CT scan preparation takes much longer than the scan itself. CT Scan preparation can take up to 2 hours before you have the scan if your doctor orders it with oral and IV contrast. This is because oral contrast can take about 2 hours to travel through the entire length of the intestinal tract after you start drinking it. But the scan itself takes only minutes.
The need for contrast material depends on what your doctor is looking for, the type of symptoms you may be having and other factors. You should wear comfortable, loose-fitting clothing for your CT scan. You may be given a gown to wear during the procedure. The best thing to wear, most of the time, is a jogging suit or sweats if you're going to have anything below your head scanned. CT scan preparation is casual so a jogging suit with out zippers or sweat suits can sometimes be worn during the scan and you may not have to change into a gown. It depends on the rules of the place where you go to have your CT scan.
For better CT scan preparation, it's best not to wear jewelry on the body part being scanned. For example, if your brain is being scanned, you shouldn't wear ear rings, hearing aids or nose piercings but rings on your fingers are ok to wear because they're not on the body part that's being scanned. Tongue piercings will have to be removed if your face or sinuses are being scanned. When the ct scan x-ray beam comes in contact with thick jewelry, it causes the x-ray beam to spray out or splash out like water landing on a hard flat rock. The result ruins the images causing white streaks called "streak artifact". It also happens when the x-ray beam hits any fillings you may have in your teeth, but there's nothing that can be done about that.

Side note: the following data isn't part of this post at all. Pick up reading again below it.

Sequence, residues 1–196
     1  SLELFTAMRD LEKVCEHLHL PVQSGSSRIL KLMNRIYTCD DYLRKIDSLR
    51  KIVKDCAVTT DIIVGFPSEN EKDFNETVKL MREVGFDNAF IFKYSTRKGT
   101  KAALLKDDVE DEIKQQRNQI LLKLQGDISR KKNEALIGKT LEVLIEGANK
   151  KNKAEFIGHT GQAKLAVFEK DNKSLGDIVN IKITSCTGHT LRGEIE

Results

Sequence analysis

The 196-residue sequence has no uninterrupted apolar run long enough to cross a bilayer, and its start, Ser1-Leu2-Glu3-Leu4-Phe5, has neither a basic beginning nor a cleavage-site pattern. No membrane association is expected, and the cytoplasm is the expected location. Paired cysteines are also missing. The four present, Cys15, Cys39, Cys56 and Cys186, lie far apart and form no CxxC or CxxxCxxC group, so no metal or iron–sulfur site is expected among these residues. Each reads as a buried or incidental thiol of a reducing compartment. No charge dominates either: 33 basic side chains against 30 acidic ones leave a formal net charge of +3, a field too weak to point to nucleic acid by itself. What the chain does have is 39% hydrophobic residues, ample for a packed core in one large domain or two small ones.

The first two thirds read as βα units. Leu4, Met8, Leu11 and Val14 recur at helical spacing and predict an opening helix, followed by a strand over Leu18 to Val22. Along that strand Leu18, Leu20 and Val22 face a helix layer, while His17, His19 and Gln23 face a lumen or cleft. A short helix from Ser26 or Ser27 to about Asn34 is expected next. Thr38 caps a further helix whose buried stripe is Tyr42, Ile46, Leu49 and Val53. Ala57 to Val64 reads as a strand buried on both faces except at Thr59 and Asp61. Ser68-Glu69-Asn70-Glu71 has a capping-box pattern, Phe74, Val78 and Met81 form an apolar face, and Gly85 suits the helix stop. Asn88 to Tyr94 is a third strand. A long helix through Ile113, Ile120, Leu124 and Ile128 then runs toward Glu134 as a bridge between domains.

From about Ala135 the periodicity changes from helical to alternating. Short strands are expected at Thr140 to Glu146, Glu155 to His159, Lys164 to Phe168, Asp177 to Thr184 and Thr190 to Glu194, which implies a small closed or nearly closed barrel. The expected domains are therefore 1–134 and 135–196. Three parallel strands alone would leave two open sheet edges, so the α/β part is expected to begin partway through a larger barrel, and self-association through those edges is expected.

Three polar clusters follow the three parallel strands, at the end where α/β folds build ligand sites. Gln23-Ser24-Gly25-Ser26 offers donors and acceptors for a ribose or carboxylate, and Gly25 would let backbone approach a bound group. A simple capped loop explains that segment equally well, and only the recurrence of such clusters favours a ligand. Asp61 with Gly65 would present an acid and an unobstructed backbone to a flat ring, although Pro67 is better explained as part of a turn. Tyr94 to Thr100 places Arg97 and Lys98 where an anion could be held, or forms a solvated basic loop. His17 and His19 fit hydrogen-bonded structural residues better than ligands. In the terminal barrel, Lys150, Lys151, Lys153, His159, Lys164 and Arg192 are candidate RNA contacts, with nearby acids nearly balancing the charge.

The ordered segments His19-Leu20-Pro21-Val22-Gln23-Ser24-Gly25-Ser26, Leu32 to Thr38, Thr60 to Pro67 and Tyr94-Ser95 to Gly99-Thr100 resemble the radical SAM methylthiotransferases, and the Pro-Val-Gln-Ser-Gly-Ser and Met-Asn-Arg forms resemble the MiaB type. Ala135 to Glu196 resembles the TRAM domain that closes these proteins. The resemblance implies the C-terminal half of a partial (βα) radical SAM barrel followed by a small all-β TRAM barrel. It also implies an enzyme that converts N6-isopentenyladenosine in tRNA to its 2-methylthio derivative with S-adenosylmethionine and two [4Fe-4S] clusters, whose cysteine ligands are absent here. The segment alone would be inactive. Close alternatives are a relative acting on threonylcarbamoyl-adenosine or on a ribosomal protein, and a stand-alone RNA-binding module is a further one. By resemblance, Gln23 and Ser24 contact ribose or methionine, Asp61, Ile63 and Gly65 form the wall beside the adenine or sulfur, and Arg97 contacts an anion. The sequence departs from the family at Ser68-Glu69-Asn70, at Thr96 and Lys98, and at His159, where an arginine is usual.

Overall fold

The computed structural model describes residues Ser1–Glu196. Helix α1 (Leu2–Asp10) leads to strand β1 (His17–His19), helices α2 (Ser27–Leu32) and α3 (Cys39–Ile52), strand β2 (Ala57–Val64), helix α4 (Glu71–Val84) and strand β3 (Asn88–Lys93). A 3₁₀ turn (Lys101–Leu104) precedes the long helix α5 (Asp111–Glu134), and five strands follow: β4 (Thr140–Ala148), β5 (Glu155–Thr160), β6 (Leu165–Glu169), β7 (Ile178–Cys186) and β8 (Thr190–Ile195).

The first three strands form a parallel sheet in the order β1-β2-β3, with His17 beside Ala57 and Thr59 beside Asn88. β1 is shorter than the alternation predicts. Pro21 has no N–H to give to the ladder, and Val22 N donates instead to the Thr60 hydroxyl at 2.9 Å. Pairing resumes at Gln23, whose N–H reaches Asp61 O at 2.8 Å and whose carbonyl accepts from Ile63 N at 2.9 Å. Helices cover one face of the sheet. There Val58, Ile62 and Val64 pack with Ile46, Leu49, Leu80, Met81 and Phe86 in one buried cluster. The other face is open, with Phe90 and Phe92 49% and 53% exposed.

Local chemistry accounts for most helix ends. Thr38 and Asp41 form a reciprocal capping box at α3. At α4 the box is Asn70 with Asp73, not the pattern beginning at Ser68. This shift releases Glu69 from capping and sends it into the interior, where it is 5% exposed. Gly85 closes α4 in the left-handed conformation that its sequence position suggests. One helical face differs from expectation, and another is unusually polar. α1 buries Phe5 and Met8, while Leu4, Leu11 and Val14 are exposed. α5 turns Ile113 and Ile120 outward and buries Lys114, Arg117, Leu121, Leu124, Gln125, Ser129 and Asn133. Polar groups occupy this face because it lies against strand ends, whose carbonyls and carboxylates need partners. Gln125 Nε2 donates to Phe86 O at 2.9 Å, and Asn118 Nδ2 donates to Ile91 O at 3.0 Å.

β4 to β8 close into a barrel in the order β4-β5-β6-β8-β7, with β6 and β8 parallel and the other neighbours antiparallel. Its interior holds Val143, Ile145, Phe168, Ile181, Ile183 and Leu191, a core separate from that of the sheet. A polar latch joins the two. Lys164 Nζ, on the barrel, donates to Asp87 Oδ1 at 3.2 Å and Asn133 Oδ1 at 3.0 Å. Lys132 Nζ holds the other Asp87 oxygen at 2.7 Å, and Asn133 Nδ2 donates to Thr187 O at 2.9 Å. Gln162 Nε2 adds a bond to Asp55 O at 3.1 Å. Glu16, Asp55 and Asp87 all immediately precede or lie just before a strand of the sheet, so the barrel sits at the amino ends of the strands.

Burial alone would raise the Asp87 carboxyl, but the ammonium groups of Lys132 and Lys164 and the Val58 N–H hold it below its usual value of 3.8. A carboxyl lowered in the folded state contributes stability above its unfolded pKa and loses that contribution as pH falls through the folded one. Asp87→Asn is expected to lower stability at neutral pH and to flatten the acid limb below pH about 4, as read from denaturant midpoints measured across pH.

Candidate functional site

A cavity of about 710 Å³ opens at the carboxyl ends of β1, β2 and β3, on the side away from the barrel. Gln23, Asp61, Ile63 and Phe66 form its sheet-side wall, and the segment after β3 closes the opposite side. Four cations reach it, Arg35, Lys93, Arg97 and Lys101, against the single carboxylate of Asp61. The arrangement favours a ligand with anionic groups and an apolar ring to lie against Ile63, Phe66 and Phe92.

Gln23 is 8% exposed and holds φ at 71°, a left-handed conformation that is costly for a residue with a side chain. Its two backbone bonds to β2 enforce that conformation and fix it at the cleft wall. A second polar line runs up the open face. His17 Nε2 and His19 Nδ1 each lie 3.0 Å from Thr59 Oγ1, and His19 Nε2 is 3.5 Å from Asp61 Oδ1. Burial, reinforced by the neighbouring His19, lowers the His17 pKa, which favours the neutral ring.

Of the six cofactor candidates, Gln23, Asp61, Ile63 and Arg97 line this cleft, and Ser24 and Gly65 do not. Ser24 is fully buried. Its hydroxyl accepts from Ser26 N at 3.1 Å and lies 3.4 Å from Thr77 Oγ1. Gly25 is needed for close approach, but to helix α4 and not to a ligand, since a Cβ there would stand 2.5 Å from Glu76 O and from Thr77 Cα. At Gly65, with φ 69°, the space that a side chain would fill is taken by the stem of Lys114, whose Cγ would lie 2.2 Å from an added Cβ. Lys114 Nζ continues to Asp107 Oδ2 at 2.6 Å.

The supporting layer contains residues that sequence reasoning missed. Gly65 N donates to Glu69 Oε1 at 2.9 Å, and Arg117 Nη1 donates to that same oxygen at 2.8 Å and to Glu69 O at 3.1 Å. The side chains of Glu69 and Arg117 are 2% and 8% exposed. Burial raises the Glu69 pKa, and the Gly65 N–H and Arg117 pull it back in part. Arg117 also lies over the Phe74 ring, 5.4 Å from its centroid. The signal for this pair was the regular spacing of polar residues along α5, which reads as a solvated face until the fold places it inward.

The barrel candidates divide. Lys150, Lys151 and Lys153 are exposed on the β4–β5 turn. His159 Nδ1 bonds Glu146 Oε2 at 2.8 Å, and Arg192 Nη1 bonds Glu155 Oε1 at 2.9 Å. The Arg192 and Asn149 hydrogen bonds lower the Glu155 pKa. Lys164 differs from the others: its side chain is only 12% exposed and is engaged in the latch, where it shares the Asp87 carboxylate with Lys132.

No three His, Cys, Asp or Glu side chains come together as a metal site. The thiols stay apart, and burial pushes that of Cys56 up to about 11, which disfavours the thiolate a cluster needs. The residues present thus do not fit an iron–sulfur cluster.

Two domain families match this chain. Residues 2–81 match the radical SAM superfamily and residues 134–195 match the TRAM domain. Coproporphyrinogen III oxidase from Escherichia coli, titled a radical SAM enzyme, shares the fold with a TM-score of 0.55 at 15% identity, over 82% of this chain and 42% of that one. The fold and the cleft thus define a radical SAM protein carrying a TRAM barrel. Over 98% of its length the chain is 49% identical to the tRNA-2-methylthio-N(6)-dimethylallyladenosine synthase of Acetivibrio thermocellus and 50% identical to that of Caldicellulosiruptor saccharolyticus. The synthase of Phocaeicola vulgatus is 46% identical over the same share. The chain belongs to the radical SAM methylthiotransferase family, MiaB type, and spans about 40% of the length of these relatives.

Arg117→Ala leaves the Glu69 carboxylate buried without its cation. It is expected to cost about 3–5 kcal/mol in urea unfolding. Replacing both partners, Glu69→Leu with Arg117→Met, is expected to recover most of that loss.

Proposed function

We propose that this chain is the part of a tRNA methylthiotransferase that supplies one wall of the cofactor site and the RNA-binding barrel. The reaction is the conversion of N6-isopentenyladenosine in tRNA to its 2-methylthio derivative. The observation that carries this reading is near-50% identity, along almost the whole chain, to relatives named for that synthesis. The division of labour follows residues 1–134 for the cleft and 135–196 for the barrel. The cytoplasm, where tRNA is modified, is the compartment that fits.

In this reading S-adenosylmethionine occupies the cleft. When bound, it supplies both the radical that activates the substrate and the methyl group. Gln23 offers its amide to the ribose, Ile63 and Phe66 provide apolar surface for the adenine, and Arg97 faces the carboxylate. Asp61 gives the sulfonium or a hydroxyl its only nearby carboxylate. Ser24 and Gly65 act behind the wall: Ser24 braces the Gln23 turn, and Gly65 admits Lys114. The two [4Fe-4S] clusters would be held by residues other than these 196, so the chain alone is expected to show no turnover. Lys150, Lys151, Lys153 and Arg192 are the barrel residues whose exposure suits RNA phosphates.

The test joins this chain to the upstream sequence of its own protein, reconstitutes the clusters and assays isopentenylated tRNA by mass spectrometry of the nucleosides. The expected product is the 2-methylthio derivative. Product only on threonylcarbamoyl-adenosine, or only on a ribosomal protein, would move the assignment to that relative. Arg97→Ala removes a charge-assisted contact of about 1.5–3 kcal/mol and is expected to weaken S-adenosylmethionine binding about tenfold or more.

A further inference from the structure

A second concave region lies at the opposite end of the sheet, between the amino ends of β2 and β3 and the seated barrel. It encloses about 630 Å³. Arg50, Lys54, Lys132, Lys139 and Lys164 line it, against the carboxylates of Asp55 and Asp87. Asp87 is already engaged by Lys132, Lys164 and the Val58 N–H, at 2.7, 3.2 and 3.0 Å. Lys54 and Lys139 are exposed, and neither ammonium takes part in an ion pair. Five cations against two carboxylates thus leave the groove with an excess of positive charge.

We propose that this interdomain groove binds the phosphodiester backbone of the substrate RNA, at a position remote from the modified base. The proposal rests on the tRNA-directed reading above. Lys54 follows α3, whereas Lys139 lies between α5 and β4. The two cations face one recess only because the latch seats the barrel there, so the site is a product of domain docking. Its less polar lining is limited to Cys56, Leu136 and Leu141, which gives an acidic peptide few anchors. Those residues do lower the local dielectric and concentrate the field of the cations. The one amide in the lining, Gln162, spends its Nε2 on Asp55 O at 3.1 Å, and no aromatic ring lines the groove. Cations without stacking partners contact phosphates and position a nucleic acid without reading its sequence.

Metal objects including jewelry, eyeglasses, dentures and hairpins may affect the CT images and should be removed prior to your exam. You may also be asked to remove hearing aids and removable dental work.
Any movement during the scan causes the images to be blurry. It's important that you hold very still while the scanner takes the images.
You may be asked not to eat or drink anything for several hours beforehand, especially if a contrast material will be used in your exam. You should inform your physician of any medications you are taking and if you have any allergies, especially to contrast materials.
Some institutions may have a CT Technologist available to speak with you if you have technical questions, or preparation questions but in most cases, the CT Technologists spend all their time preparing and scanning and aren't able to talk on the phone. Information must come from your physician ordering the test or his office staff.
Women should always inform their physician or technologist if there is any possibility that they are pregnant.
Click on this Safety Page link for more information about pregnancy and x-rays.